OPINION: The clever and contrary Burmese military

OPINION: The clever and contrary Burmese military

Love them or hate them, you have to hand it to Burma’s military, they are very smart. Characterisations of them being crazy and superstitious are simply wrong. In various forms, the military has run Burma for more than 50 years, far longer than most regimes last. There have been some bumpy transitions of leadership during this time, and the odd purge, but overall, despite personal rivalries, they have stayed disciplined and united. Hopes and predictions of splits and collapse were proved wrong. Their effectiveness and ruthlessness in dealing with opponents in Burma as well as within their own ranks helped ensure their longevity in power.

On the international stage, the Generals ran rings around the United Nations and governments, avoiding the imposition of the strongest sanctions called for by democracy and human rights activists. UN envoy after UN envoy were duped by the tactic of promises of future reform and manufactured soft-liner hard-liner divisions within the regime. Reclusiveness and games played with the granting of visas helped mute criticism, and the bar on improvements set so low that just getting into the country was considered a diplomatic success.

A skillful game of divide and rule was played with powerful neighbours India and China. Cheap deals over natural resources were used to buy political protection from neighbours on the international stage. Restrictions on access for international humanitarian agencies left them so fearful that almost uniquely around the world, they stayed almost completely silent on human rights violations and the root causes of poverty in the country.

Then, when a combination of domestic and international pressure finally did force the military to accept reforms would need to happen, they did so slowly, at their own pace, and on their own terms. They brought in a new constitution which would guarantee that they still controlled the key levers of power in the country, would have the legal power to retake control, and could veto any attempts at further reform which might threaten their power and interests.

It isn’t full democracy, but it looks a lot like it, and they calculated correctly that western countries, which would reject any such system in their own countries, would agree that it was good enough for Burma. They also persuaded their main opponents in the country to agree to work within their constitution.

And their plan has worked, almost all sanctions have been lifted, there has been a massive increase in aid and trade, they have been embraced diplomatically, and praised for their reforms. Military to military contacts have been established by the USA and others, and the British government even provides them with free training.

They get first claim on the government budget, they have billions of dollars-worth of military owned companies, and have sold off companies, natural resources and government contracts worth billions more to themselves, their relatives, friends and cronies.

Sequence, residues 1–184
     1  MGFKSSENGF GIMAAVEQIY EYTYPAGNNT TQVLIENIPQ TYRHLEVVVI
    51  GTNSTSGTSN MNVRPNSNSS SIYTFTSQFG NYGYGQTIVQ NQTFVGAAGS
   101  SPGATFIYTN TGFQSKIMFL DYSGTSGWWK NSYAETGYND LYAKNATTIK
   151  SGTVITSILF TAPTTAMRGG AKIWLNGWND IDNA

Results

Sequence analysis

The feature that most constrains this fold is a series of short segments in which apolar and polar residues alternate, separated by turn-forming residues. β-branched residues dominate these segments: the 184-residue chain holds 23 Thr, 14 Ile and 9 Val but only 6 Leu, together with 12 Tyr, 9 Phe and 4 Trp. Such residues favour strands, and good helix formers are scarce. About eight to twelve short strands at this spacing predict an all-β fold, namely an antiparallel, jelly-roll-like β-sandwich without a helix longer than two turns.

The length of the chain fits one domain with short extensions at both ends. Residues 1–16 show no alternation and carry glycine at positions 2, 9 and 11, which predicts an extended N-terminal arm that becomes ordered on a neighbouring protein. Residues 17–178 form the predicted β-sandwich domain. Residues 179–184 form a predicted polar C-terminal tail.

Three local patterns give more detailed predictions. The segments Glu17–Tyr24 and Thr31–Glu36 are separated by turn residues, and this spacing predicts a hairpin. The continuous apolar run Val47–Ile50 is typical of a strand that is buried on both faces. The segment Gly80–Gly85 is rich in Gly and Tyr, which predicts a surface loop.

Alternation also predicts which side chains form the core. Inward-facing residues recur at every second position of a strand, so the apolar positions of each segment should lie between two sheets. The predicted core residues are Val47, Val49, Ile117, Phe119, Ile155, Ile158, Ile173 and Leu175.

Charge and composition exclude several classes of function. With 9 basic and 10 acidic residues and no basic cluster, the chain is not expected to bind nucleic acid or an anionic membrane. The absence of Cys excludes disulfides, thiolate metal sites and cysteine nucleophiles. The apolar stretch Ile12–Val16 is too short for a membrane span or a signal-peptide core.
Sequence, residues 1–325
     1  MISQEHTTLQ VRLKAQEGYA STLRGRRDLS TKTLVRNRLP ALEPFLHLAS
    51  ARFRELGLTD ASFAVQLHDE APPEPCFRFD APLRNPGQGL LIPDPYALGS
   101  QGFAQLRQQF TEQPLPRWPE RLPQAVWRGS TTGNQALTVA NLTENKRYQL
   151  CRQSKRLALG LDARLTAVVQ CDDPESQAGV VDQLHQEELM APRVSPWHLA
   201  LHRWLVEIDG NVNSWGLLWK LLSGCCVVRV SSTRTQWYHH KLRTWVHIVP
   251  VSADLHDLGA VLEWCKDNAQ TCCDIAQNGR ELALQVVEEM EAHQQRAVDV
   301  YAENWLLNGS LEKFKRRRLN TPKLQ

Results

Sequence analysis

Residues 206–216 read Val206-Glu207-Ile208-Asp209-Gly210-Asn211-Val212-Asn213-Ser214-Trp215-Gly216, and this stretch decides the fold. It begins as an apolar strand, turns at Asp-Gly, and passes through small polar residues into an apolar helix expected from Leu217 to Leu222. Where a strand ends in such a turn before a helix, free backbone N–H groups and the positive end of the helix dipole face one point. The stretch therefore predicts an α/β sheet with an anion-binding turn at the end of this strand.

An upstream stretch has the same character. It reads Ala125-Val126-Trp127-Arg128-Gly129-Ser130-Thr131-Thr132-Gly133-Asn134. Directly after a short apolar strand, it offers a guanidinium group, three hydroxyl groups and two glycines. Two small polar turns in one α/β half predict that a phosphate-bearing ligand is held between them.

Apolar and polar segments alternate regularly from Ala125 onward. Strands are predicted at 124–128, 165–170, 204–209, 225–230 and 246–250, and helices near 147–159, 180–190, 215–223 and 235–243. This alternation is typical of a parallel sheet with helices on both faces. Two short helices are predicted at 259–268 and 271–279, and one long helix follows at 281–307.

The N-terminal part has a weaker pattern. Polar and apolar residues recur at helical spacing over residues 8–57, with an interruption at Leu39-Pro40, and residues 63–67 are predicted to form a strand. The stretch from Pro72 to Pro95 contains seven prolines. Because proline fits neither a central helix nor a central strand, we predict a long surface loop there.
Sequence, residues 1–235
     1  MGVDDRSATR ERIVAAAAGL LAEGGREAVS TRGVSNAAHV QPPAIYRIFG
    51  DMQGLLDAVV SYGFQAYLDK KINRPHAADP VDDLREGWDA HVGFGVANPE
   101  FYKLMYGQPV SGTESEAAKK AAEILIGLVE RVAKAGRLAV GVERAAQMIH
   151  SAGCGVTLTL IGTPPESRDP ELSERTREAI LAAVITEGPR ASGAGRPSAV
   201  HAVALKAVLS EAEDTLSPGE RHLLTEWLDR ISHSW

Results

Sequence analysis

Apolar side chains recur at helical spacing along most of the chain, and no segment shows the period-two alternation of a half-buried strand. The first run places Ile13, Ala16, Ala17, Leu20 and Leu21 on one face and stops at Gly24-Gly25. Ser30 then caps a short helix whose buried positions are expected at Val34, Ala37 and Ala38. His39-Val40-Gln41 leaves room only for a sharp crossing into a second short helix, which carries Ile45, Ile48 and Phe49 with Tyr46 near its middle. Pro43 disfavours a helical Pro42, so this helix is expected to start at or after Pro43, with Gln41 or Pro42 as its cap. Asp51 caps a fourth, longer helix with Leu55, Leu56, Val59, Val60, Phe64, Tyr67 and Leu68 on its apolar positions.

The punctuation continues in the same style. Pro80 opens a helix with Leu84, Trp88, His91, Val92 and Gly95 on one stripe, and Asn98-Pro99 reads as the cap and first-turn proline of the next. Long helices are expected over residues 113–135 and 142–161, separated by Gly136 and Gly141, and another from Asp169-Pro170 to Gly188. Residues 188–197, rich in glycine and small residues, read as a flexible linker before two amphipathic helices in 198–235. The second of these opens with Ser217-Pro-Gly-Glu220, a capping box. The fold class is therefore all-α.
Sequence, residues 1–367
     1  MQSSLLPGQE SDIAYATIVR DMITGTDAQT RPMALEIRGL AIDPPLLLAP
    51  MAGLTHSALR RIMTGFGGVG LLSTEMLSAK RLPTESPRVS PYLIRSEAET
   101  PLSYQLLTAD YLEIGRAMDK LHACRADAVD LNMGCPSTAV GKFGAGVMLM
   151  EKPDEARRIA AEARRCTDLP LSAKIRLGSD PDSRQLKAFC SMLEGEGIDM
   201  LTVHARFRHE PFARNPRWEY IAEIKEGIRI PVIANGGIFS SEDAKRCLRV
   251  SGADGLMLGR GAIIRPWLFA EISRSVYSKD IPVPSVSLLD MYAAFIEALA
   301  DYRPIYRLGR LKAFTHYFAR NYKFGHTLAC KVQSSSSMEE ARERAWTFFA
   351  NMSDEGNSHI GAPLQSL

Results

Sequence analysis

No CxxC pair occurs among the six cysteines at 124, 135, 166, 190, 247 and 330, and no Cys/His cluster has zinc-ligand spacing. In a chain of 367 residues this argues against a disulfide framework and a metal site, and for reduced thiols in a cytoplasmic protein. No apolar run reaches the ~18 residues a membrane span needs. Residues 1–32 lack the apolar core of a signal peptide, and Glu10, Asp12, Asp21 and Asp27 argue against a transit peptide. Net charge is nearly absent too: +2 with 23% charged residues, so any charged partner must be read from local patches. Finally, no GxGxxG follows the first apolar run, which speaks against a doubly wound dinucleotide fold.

The November 2015 election was the culmination of their careful transition plan to a new political system in Burma, which they see as essential to their survival. The constitution was designed knowing an NLD election landslide was likely. Hence the guaranteed seats in parliament, the high bar for changing the 2008 Constitution, and military appointed ministers. They needed the election to go smoothly, and they need a smooth handover of power. They have been applauded domestically and internationally for following their own plan.

They have power and money, and have gone from pariah to praise. So with everything going so well for them, having been so smart in developing and implementing this transition plan, why are they going after people like U Gambira, recently arrested on ridiculous immigration charges? Why are they throwing people like Patrick Kum Jaa Lee and Chaw Sandi Htun in jail for a Facebook post? Why are the students who protested last year facing such serious charges?

There has never been any justification for how the military arrested and jailed thousands of its critics over the past 50 years, but you could at least see how, from the military point of view, it was afraid that even the smallest criticism could grow to become an uprising that could threaten its rule. The same cannot be said now.

When soldiers join the military, they know that they might have to take a bullet, but at the moment, they are shooting themselves in the foot. With all their power and success, does a Facebook post really threaten them? Does U Gambira, who has not even been politically active recently, pose a threat to their power and wealth?

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Uprisings took place roughly every ten years in the past, but an uprising is inconceivable now. One of the biggest threats the military face now is themselves. Whether it’s old habits dying hard, revenge, or Senior-General Min Aung Hlaing being a sensitive soul with a thin skin, arresting old critics, students, and people who might have said something on Facebook, is just plain dumb. It isn’t in the interests of the military.

They designed a constitution with a democratic face, where their power lies largely behind the scenes. The more they step into the forefront, arresting and jailing critics, the more they remind people of how they still control key levers of power, and the more people will demand the removal of their power.

 

 

Mark Farmaner is Director of Burma Campaign UK
Twitter: @MarkFarmaner

The opinions expressed in this article are the author’s and do not reflect DVB editorial policy.

 

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